A good deal of correspondence has passed between the Colonial-office in England and this Government respecting the position of the GovernorGeneral as regards the colonies, and it has been pointed out that, although the Commonwealth Act provides that the salary of the GovernorGeneral shall be £10,000, if the Governments expect the Governor-General to move from one place to another and to visit the different colonies, a further sum will be necessary to meet the increased expenses to which the Governor-General would necessarily be put.

He said, further, that -

This Bill is brought in practically in pursuance of an agreement come to between the Home Government and the Government of this county.

The Bill was passed without division on the 4th December, 1900. Although honorable members opposite have tried to show the grasping nature of 'New South Wales, that State recognised her responsibility in this matter, and actually passed an Act, which is the law to-day, appropriating over £3,000 per annum for the expense of the GovernorGeneral's establishment in Sydney.


Mr Poynton - Conditionally on the other States making up the balance.


Mr SYDNEY SMITH (MACQUARIE, NEW SOUTH WALES) - The New South Wales Act was passed unconditionally, and the Government of the day said that they were prepared to find the money whether the other State Governments subscribed or not, though Mr. Chamberlain was of opinion that £10,000 should be subscribed by all the States in proportion to population.


Mr Poynton - At any rate, New South Wales has never paid the money ?


Mr SYDNEY SMITH (MACQUARIE, NEW SOUTH WALES) - I am assured by the Attorney-General that no request has been made to the Government of that State for it, and therefore no refusal can have been received from them. New South Wales has not asked for any consideration from this Parliament to which she is not entitled.


Mr Poynton - The whole trouble is due to her interference in the matter.

Mir. SYDNEY SMITH. - Why should not the Governor-General reside in New South Wales?


Mr Poynton - There is no reason why he should reside there more than in any of the other States. 37 a«


Mr SYDNEY SMITH (MACQUARIE, NEW SOUTH WALES) - The seat of Government is in New South. Wales.


Mr Poynton - No, it is in Melbourne.


Mr SYDNEY SMITH (MACQUARIE, NEW SOUTH WALES) - The Constitution says that the seat of Government shall be in New South Wales, but that until the capital site is agreed upon Parliament shall meet in Melbourne.


Mr Ronald - The common-sense interpretation of that provision is that the seat of Government shall be where the Parliament sits.


Mr SYDNEY SMITH (MACQUARIE, NEW SOUTH WALES) - I do not accept my honorable friend's interpretation. I voted against the Governor-General's Establishment Bill, because I considered its principles opposed to .the Constitution.


Mr Ronald - And contrary to the letter of the Constitution as well.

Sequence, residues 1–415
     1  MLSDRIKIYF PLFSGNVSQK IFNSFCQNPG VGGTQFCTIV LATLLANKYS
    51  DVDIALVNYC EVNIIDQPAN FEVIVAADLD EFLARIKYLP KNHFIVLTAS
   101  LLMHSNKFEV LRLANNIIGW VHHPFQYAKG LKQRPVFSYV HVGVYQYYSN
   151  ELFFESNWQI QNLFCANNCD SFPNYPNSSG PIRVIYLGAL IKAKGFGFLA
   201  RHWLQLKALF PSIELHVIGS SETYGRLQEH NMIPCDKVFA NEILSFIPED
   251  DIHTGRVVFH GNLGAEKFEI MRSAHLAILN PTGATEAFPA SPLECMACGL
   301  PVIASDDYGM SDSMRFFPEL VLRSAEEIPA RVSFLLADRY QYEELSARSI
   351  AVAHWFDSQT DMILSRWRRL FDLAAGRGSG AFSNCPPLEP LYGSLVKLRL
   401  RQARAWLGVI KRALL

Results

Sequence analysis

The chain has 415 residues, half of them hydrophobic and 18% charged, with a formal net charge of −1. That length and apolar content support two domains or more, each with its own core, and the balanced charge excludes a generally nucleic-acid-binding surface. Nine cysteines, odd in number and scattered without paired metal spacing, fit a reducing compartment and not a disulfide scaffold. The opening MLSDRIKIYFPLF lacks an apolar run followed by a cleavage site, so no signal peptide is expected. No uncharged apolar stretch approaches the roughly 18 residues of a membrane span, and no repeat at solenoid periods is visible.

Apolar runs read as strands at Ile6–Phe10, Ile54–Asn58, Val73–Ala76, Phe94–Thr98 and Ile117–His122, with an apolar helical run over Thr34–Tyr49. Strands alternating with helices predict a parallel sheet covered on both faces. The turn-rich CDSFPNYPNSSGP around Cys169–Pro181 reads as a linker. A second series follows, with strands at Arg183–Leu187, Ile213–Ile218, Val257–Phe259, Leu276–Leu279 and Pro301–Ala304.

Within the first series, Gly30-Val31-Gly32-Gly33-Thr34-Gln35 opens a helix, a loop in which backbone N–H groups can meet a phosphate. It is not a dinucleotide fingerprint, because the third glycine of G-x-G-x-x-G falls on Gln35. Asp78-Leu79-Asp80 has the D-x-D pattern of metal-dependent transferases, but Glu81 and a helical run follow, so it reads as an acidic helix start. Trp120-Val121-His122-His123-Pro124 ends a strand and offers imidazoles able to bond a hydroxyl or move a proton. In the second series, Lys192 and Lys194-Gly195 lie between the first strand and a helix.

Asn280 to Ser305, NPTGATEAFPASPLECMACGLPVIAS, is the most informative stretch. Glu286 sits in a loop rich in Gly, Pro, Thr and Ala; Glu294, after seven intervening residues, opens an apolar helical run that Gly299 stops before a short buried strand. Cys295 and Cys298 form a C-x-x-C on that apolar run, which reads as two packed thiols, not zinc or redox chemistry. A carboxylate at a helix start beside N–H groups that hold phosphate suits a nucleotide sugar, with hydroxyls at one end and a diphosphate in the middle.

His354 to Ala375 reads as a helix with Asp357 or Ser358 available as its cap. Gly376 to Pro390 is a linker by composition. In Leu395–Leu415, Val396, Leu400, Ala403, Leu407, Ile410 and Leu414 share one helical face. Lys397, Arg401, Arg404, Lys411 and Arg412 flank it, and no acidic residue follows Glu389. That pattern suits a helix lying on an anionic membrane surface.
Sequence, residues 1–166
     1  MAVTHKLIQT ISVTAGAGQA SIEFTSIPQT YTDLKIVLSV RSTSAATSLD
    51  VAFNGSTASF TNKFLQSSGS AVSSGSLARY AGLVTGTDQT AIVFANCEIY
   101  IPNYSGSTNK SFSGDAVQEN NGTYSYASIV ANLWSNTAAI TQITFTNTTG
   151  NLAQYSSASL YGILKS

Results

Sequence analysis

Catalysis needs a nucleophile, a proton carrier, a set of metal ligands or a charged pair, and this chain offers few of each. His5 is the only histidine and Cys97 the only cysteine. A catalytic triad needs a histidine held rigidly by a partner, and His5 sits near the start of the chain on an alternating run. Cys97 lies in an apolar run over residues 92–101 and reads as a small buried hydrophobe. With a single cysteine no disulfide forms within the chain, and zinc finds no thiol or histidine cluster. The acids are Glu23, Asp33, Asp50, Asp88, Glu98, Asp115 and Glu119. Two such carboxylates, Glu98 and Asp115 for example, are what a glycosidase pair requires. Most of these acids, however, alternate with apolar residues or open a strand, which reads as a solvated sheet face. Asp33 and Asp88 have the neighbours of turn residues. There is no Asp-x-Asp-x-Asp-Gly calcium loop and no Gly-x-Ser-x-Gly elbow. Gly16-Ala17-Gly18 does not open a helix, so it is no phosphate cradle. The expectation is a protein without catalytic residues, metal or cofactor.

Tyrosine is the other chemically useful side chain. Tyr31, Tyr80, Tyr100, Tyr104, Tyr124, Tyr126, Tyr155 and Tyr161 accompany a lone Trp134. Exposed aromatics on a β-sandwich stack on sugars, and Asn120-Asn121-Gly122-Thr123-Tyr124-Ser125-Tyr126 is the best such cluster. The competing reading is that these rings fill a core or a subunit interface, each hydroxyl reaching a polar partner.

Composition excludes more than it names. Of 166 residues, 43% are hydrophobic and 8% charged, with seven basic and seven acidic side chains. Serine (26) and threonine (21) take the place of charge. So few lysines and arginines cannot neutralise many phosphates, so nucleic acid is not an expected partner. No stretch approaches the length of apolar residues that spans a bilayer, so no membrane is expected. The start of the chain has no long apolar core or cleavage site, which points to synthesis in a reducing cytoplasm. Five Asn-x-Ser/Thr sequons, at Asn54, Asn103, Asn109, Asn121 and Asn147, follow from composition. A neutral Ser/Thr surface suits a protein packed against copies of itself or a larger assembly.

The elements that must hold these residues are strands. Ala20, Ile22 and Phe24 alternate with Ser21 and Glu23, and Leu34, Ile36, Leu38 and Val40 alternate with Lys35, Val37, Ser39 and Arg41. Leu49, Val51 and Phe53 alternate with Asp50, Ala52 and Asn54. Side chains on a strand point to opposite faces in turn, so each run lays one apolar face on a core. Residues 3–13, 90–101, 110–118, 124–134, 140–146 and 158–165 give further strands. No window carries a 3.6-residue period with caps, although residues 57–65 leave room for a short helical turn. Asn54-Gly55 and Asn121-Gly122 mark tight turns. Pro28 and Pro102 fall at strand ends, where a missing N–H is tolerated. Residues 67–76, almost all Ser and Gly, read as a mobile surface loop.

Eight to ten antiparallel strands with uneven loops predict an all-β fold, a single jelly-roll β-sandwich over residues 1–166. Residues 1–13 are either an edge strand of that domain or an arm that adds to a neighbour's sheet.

Mr SYDNEY SMITH (MACQUARIE, NEW SOUTH WALES) - My chief complaint against the Government is that, although the honorable member for South Australia, Sir Langdon Bonython, asked a question upon this subject upon two or three occasions, they refused to give him any information. They wanted to make out that no communications had taken place between them and the Home authorities, and yet for eighteen months they had been in possession of Mr. Chamberlain's despatches, and knew of the correspondence which had taken place between the State Governments and the Home Secretary. The Prime Minister, in introducing the Governor-General's Establishment Bill, made no reference either to this correspondence or to his understanding with the Governor-General. He moved the second reading in a half-hearted way, and when the Government saw that the House was against them, they allowed a private member, sitting behind them, to take out the vital principles of the Bill and submit something quite different, a thing which I never saw done before during my political life. The Bill originally provided for an annual grant of £8,000, but when it left committee it provided only for a grant of £10,000 to defray the Governor-General's expenses in entertaining the Royal visitors, which honorable members unanimously felt should not come out of his own pocket. Every one regrets that the Governor-General has thought it necessary, in view of the determination of Parliament, to resign his position, but if I were called upon to deal with this matter to-morrow, I should be compelled to take a similar course to that followed on the former occasion. The Government submitted the Governor - General's Establishment Bill to the House in such a way as to infringe the Constitution, and to. place it beyond our power to assist the Governor-General. During the federal election campaign the Prime Minister specially warned the people against returning representatives who had voted against the Commonwealth Bill, because he said that they would probably take the first opportunity of altering the Constitution. Now the Prime Minister is the first man to attempt to alter the Constitution, not in the interests of the struggling masses in the Commonwealth, but in order to provide for .a large additional salary for the Governor-General. The Attorney-General has stated that His Excellency the Governor-General did not resign on account of any difference with 'his advisers; but if the relations existing between the 'Governor - General and the Ministry were as cordial as they should have been, why did he keep them in ignorance of his intention to resign. As one who has been a Minister for many years, I am well acquainted with the relations which exist between the Governors of States and their Ministers, and I know that there is nothing to prevent the Governors from conferring in the most friendly and cordial way with their advisers. We know from the Attorney-General.that, as a matter of fact, His Excellency has conferred with his Ministers on several occasions since his resignation. And we may assume that if the relations between the Governor-General and his Ministers had been thoroughly cordial he would have taken an opportunity of placing them in possession of the whole of the facts of the case 'before finally tendering his -resignation. The Ministry ^should have placed before us the whole of the correspondence between the State Governments and Mr. 'Chamberlain as well as that which took place between the Prime Minister .and Mr. Chamberlain. The way in which the whole matter has been bungled by the Government has entailed an amount Of unpleasantness which must be regretted bv every honorable member.